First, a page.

Throughout most of this book, I've been talking about Squid as a client-side caching proxy. However, with just a few special squid.conf settings, Squid is able to function as an origin server accelerator as well. In this mode, it accepts normal HTTP requests and forwards cache misses to the real origin server (or backend server). In the parlance of RFC 3040, Squid is operating as a surrogate. This configuration is similar to what I talked about in Chapter 9. The primary difference is that, as a surrogate, Squid accepts requests for one, or maybe a few, origin server(s), rather than any and all origins. HTTP interception isn't required for server acceleration.
As the name implies, server acceleration is generally used as a technique to improve the performance of slow, or heavily loaded, backend servers. It works well because origin servers tend to have a relatively small hot set. Most likely, the objects responsible for 90% of origin server traffic can fit entirely in memory. Depending on your particular backend server software and configuration, Squid may be able to serve requests much faster.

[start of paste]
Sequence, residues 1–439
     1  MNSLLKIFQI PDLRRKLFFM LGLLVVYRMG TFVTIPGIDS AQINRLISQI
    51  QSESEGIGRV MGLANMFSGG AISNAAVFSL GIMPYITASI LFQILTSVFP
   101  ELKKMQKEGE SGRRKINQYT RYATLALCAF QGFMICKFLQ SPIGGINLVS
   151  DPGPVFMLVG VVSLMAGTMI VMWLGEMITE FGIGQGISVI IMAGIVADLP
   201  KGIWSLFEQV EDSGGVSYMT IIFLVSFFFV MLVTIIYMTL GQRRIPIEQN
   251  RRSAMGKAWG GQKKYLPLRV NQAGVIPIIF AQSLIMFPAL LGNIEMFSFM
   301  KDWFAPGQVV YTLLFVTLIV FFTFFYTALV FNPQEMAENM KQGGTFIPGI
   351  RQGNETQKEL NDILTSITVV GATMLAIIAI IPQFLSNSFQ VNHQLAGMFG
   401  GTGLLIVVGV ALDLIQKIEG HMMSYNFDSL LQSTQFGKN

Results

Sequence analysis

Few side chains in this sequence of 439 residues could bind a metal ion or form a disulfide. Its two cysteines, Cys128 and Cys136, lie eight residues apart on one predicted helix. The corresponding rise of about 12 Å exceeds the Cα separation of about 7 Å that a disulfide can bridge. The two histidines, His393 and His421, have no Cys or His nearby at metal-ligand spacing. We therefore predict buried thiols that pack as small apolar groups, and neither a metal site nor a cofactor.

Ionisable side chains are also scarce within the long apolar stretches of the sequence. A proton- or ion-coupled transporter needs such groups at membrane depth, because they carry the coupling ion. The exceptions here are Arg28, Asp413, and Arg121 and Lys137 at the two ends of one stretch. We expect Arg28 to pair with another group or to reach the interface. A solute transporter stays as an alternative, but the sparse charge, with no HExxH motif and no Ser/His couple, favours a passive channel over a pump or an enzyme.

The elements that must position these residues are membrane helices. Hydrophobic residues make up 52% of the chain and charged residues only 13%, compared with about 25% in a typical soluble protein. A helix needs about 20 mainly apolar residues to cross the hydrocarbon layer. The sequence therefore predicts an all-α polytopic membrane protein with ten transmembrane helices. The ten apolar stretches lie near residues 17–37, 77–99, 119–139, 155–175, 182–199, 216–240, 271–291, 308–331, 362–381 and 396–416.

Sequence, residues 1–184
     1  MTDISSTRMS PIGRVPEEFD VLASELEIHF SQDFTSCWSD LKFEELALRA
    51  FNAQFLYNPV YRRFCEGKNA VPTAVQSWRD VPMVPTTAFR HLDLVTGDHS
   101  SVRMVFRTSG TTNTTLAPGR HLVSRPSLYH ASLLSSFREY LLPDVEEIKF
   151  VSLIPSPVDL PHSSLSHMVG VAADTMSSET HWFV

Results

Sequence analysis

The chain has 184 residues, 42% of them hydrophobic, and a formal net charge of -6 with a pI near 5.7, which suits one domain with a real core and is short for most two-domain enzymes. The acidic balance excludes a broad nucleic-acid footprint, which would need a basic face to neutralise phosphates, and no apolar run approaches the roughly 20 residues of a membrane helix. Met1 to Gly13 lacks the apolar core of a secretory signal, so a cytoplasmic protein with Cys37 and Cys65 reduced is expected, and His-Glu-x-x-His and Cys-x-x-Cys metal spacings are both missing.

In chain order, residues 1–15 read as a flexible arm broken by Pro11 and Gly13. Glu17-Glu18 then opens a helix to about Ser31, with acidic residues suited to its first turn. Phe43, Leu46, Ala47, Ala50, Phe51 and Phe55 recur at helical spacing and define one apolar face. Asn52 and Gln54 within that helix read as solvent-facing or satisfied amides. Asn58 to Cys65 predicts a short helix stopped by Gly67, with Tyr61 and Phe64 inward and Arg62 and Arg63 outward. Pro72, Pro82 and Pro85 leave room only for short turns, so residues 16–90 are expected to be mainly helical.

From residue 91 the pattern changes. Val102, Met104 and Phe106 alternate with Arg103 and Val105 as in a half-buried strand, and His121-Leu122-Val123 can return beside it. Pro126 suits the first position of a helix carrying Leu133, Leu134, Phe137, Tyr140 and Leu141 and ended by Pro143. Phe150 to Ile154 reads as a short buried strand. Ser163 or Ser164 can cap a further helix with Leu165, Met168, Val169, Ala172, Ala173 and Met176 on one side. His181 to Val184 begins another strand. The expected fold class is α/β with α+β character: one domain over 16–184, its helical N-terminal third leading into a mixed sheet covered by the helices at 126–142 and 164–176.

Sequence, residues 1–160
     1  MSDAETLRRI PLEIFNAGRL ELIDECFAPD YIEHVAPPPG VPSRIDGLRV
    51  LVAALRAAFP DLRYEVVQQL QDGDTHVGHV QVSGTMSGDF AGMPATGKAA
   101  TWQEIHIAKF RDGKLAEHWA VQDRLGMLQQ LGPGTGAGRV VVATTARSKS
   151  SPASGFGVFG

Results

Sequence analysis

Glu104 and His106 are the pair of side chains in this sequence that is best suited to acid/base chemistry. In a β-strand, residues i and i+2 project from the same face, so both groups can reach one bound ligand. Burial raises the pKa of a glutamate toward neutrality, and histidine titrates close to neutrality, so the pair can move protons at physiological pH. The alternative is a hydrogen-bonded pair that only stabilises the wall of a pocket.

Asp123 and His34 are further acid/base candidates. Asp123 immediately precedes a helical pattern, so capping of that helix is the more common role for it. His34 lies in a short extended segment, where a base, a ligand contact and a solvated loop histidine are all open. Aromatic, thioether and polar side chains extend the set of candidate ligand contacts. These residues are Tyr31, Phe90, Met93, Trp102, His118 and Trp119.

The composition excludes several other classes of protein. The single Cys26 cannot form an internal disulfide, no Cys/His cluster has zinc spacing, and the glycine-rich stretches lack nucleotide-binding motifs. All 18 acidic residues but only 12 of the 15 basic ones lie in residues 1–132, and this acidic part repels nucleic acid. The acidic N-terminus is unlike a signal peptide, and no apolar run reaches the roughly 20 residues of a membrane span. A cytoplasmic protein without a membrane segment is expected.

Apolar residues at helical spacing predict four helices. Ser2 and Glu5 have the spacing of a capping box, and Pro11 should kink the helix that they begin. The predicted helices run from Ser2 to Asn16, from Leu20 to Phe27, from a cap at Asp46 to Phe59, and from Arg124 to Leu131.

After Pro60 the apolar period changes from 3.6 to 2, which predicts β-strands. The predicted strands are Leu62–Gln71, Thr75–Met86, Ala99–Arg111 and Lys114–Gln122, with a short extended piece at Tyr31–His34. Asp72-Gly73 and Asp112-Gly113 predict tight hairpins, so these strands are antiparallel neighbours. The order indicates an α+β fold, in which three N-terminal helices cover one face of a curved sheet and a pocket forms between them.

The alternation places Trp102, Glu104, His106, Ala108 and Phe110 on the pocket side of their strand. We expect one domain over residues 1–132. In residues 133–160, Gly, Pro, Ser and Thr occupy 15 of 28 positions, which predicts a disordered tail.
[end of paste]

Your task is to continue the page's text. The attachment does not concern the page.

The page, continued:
Security is another good reason to consider Squid as a surrogate. Think of Squid as a dedicated firewall in front of your origin server. The Squid source code is too large to be trusted as completely secure. However, you may sleep better with Squid protecting your backend server. It is simply a cache, so it doesn't permanently store the source of your data. If the Squid box is attacked or compromised, you won't lose any data. You may find it easier to secure a system running Squid than the system running your backend server application(s).
You might also be interested in server acceleration to implement load balancing. If your origin server runs on expensive boxes, you can save money by deploying Squid on a number of cheaper boxes. By placing Squid at a number of different locations, you can even build your own content delivery network (CDN).